When people find out I’m a preacher’s wife, they usually say one of two things. Either it’s a deep breath and then “Well, God bless you.” Or, maybe more frequently, “I could never do that.” And I understand the sentiment: Your life must be terribly hard.
But I’ll be honest, it’s not too bad. More often than not, being the preacher’s wife is a monumental blessing.
I think I feel this way for two reasons:
1. I’m not just any preacher’s wife; I’m my favorite preacher’s wife.
2. I’ve always aspired to the job, motivated by the example of one who did it admirably.
From childhood, I’ve wanted to be my Aunt Lou. She was an unusual role model for a child as she was already in her mid to late sixties when I was born, but even in her “retirement years” she was a stunning, strong, graceful, icon of a woman. A force.
My grandfather, her brother, talks about her beauty. He cries and smiles all at once, the memory overwhelming—like she couldn’t possibly have been that pretty. My mom remembers seeing a young Elizabeth Taylor on TV and saying “Look! That’s Aunt Lou.” To which my great grandmother responded, “No, honey. That woman’s not nearly as lovely as your Aunt Lou.”
Even in her early seventies, when her husband, my Uncle Buford, preached at our congregation in Pinellas Park, FL—even then she turned heads.
I remember her clothes. Perfectly put together, never gaudy and never frumpy. I remember the sound of her jewelry as she walked with Buford down the middle aisle to the back of the church after the invitation song.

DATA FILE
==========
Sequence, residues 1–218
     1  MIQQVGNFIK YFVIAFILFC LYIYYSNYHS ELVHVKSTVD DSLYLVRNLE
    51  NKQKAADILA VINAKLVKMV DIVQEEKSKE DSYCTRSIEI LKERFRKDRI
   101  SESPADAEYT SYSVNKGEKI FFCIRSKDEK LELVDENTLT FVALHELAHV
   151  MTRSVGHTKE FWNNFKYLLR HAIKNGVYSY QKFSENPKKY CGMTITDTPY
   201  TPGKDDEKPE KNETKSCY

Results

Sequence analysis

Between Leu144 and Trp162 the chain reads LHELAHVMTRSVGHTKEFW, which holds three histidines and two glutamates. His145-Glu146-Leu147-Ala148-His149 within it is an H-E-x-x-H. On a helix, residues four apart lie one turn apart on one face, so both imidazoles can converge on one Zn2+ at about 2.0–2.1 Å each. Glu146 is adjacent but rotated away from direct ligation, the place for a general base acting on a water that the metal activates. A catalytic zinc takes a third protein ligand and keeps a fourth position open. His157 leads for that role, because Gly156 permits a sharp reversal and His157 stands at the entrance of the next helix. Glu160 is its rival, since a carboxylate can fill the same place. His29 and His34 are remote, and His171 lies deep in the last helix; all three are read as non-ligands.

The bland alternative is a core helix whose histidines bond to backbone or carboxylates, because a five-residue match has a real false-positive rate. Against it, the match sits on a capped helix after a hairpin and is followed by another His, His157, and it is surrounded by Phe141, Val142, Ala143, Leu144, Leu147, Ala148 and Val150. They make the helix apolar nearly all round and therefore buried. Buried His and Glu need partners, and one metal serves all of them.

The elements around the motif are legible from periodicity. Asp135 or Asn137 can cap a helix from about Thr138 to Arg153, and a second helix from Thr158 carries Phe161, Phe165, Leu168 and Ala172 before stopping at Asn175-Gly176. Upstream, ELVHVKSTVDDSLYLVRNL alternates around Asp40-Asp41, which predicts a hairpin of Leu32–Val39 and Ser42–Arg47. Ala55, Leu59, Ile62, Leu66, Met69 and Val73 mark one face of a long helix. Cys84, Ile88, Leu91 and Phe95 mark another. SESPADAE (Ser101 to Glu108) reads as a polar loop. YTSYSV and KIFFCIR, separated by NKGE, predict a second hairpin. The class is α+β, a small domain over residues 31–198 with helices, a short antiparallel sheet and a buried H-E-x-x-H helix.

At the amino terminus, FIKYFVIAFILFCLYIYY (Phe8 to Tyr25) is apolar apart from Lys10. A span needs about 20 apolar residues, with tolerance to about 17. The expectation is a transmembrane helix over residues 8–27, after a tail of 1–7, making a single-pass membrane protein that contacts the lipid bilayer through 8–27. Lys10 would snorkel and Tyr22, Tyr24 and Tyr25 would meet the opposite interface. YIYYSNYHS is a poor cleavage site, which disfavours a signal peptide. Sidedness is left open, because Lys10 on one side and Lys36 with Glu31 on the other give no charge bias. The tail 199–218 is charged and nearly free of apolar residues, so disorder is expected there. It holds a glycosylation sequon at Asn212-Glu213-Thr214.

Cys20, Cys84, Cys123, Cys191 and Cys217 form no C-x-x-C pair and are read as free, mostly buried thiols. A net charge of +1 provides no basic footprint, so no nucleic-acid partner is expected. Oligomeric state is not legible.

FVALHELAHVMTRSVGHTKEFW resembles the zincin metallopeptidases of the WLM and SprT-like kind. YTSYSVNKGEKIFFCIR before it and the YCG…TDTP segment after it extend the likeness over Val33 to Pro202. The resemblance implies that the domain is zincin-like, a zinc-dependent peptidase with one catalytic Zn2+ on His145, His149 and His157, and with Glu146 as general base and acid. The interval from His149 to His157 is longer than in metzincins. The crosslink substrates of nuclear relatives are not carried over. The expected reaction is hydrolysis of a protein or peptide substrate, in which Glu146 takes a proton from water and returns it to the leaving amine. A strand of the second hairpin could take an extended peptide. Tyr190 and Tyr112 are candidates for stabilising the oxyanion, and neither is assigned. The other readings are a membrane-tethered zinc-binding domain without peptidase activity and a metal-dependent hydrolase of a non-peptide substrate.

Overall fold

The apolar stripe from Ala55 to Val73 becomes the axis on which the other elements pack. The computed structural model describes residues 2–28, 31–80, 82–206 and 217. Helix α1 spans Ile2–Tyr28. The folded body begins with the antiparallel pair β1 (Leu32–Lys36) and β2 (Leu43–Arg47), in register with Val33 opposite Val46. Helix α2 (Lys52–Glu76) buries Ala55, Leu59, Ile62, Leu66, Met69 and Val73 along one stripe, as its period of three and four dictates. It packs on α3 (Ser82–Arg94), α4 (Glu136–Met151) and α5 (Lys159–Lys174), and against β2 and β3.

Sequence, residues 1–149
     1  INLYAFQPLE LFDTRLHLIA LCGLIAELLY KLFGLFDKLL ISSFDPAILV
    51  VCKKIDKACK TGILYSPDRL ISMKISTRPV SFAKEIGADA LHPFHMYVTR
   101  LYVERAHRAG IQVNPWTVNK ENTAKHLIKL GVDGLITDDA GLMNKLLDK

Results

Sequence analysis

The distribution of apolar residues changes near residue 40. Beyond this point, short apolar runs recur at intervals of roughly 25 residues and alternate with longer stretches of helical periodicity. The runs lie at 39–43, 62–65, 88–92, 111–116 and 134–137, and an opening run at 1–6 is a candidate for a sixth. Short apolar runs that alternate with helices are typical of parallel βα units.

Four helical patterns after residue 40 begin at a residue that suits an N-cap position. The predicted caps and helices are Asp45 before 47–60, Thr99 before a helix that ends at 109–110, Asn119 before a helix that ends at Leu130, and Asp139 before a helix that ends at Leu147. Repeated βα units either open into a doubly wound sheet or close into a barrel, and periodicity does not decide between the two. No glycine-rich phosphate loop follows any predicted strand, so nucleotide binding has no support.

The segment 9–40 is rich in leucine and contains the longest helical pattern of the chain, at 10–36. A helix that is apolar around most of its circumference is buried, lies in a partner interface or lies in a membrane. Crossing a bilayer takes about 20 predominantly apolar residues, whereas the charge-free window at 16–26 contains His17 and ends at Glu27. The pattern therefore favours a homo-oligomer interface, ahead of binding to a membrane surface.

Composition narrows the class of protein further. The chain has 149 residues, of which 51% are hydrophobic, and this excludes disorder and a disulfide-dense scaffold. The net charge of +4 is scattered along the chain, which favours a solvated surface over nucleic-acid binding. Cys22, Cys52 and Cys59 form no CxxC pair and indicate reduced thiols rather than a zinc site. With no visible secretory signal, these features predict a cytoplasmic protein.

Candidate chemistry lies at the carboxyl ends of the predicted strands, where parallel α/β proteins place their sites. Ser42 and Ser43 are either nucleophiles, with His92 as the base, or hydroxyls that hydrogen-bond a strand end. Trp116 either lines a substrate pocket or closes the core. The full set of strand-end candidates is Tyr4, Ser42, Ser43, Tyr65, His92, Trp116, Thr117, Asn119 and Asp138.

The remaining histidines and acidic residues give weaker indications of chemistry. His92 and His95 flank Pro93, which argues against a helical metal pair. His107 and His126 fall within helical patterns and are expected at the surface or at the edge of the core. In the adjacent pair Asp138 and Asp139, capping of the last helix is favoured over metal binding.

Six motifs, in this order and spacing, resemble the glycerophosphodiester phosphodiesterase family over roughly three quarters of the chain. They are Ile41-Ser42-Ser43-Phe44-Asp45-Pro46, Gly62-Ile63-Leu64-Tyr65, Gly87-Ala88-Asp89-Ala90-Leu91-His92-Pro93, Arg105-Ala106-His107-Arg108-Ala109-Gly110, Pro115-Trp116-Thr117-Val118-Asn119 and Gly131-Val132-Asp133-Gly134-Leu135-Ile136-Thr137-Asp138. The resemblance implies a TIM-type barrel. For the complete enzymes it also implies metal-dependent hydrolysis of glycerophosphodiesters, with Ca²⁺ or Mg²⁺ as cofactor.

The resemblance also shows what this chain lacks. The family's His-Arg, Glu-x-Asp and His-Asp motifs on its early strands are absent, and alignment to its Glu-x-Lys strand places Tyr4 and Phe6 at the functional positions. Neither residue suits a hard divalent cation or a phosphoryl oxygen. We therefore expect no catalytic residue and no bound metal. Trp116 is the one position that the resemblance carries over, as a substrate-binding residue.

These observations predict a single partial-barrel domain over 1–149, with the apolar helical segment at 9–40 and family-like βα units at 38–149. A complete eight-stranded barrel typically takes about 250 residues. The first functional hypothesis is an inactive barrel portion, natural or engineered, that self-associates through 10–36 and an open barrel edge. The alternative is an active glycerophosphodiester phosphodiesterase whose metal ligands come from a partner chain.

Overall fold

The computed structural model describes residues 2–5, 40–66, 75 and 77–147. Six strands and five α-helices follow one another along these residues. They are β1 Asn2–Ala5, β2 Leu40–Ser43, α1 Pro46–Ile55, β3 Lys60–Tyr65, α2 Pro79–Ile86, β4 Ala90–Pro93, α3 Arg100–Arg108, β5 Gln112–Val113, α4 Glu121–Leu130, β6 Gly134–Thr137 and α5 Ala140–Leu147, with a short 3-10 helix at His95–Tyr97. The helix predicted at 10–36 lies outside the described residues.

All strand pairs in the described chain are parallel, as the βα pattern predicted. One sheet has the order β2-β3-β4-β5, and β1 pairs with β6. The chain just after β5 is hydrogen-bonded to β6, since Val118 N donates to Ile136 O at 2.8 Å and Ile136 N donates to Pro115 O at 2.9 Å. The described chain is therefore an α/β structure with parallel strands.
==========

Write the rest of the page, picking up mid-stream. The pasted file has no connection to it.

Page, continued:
Mostly, though, I remember the way she could inspire an audience, a group, a class. Everything she said made you want to listen for what she might say next.
And the way she loved God. The way she beamed when she talked about Him.
I never heard my Aunt Lou insult my Uncle Buford, not one joking jibe, even though he sometimes deserved it. As strong as she was, I always thought she was submissive and supportive.
She genuinely seemed to love being the preacher’s wife. I don’t know if she did, but I know I love it partly because she showed me a woman could.
One night during a sermon Uncle Buford told a joke at her expense—innocent enough, I guess, but he was patronizing her. I looked her way and saw her get up quietly and walk to the back of the auditorium, head held high, calm and smiling.
She didn’t make a scene, but she certainly communicated a message. I don’t remember any more jokes after that.
I thought that night, “I guess it’s okay for the preacher’s wife to be spunky.” Thanks to her I have never been anything less than spunky.
Aunt Lou probably should have been prideful—being brilliant and magnetic and gorgeous—but I don’t ever remember even a trace of pride. You looked up to her, but she never looked down on you. She served every person humbly and attentively.
I remember most clearly the years she spent taking care of her own mother, sacrificing everything for love.
My Aunt Lou died today. It’s been years since we were close—we were very close—but the memories of the way she wore her role have always been on my mind. I often try to remember the way Aunt Lou handled a conflict or even the outfits she wore to speak at Ladies’ Days.
I don’t know if I ever had the chance to tell Aunt Lou how important she’s been—to thank her for teaching me to step into my place with strength, humility, and grace.
A lot of who I am—perhaps my being completely myself in a role that often dulls the colors of good, vibrant women—is because of her, because she lived colorfully and because she was the preacher’s wife.